The operation of the impedance measuring circuitry can also be continuously monitored with switches S12 and S13 closed. However, in such case it may be necessary to control or blank the monitoring operation to avoiding interference from cardiac signals such as intracardiac electrogram pulses. This can be accomplished, for example, by conventional signal detection coupled with microprocessor 14 control.
Another monitoring embodiment in accordance with our invention is shown in FIG. 7. The circuit 78 monitors the net charge that is deposited into the capacitor 80 by the injected pulses 50, 52. This net charge is indicative of the degree of imbalance between the pulses of opposite polarity. The monitored capacitor 80 is illustrated in FIG. 7 as being located adjacent to the coupling capacitor 40. It may, however, be located elsewhere in series with the biphasic current path to facilitate monitoring or it may even be used as the DC blocking capacitor, thereby eliminating the need for an extra capacitor.
The size of the capacitor 80 may be beneficially selected to be large enough to allow efficient transmission of balanced biphasic current pulses but small enough so that any charge imbalance rapidly accumulates voltage. In one advantageous embodiment, the capacitor 80 is from about 0.01 to 1 microfarad. Rapid voltage buildup on the capacitor 80 facilitates rapid detection of any charge imbalance. The voltage on each side of the capacitor 80 is applied to each of the inputs of a sample-and-hold circuit 82. If a net charge build-up of either polarity is created on the capacitor 80 as a result of an imbalance between biphasic pulses, an output signal is transmitted to the microprocessor 14. The microprocessor 14 then implements appropriate corrective action.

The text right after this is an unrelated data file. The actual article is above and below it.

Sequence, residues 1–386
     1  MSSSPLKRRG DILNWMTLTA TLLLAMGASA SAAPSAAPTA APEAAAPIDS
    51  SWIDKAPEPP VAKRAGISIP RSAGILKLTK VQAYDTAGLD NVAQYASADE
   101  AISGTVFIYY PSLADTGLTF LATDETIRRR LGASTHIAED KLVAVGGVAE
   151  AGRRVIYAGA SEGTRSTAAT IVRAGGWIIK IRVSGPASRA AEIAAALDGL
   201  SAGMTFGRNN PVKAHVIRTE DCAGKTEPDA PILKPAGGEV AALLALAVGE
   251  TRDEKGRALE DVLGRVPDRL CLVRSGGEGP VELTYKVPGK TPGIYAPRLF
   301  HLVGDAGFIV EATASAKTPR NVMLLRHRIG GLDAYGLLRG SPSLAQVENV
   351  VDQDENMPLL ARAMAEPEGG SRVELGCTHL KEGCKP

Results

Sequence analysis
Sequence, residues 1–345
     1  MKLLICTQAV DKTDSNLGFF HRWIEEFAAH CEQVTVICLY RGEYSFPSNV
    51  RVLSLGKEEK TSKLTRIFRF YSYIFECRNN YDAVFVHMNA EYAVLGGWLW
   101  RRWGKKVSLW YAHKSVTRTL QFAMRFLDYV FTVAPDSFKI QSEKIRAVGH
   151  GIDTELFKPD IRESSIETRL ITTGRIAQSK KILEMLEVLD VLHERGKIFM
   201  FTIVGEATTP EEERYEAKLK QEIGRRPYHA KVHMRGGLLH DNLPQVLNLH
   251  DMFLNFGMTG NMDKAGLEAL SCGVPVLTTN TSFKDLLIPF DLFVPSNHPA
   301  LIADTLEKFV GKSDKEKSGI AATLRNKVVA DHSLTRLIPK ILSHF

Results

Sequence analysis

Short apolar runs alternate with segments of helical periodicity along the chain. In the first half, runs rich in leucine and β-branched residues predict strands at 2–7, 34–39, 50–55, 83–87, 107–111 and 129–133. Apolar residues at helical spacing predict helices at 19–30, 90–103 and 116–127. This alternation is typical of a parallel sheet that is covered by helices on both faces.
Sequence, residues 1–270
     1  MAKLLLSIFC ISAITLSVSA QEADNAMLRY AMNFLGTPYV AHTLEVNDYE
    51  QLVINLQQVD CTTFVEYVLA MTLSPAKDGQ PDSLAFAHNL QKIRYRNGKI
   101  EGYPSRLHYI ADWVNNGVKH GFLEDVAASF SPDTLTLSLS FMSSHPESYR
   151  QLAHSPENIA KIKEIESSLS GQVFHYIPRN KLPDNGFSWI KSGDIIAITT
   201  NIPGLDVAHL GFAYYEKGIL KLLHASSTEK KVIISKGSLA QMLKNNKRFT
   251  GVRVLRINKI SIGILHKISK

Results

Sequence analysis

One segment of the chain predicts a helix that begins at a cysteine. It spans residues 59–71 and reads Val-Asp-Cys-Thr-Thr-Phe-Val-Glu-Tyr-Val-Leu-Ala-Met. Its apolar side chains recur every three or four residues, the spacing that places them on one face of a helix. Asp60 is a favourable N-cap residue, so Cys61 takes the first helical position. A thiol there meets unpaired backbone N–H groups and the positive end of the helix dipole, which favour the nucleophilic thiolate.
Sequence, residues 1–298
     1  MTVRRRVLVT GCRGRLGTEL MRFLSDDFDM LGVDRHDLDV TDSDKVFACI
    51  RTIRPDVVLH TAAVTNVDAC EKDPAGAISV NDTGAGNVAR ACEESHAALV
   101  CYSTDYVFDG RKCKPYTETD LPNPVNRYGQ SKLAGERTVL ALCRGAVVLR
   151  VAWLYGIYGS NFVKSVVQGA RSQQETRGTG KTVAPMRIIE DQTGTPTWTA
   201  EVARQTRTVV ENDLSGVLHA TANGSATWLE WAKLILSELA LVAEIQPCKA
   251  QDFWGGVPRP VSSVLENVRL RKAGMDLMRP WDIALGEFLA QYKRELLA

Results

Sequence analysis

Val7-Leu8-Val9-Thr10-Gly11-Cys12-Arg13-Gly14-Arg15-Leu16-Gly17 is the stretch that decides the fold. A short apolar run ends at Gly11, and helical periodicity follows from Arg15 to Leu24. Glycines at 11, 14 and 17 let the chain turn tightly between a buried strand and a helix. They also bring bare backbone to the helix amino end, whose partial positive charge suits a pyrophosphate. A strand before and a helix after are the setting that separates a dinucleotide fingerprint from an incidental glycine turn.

When the circuit 42 operates under no-fault conditions, almost no charge integration occurs in the monitored capacitor 80. On the other hand, fault conditions cause the integration of charge by capacitor 80, which can be monitored by measuring the voltage across this capacitor after pulses are delivered.
Under no-fault conditions, some charge is integrated into the monitored capacitor 80 due to asymmetries, unbalanced intracardiac electrogram signals and electrode polarization potentials. However, charge is quickly accumulated into the capacitor 80 by the delivery of unbalanced biphasic current pulses. This facilitates a real-time assessment of the balance of charge transferred by the pulse phases.
The selection of an appropriate voltage source 56 together with the monitoring of the capacitor 80 can provide an inherent safety mechanism. The capacitor 80 can limit current when the voltage on capacitor 80 approaches the magnitude of voltage of the source 56. This prevents the current pulses from being applied to the heart tissue under imbalanced conditions.
The present invention can also be used in connection with monitoring implanted cardiac sensors that measure varying impedance as a function of other body conditions such as metabolites or dissolved gases.
Our invention may be embodied in other specific forms without departing from the spirit or essential characteristics thereof. The foregoing description is, therefore, to be viewed in all respects as illustrative and not restrictive. The scope of our invention is defined by the appended claims.
|Cited Patent||Filing date||Publication date||Applicant||Title|
|US4140132 *||Mar 23, 1978||Feb 20, 1979||Dahl Joseph D||Variable rate timer for a cardiac pacemaker|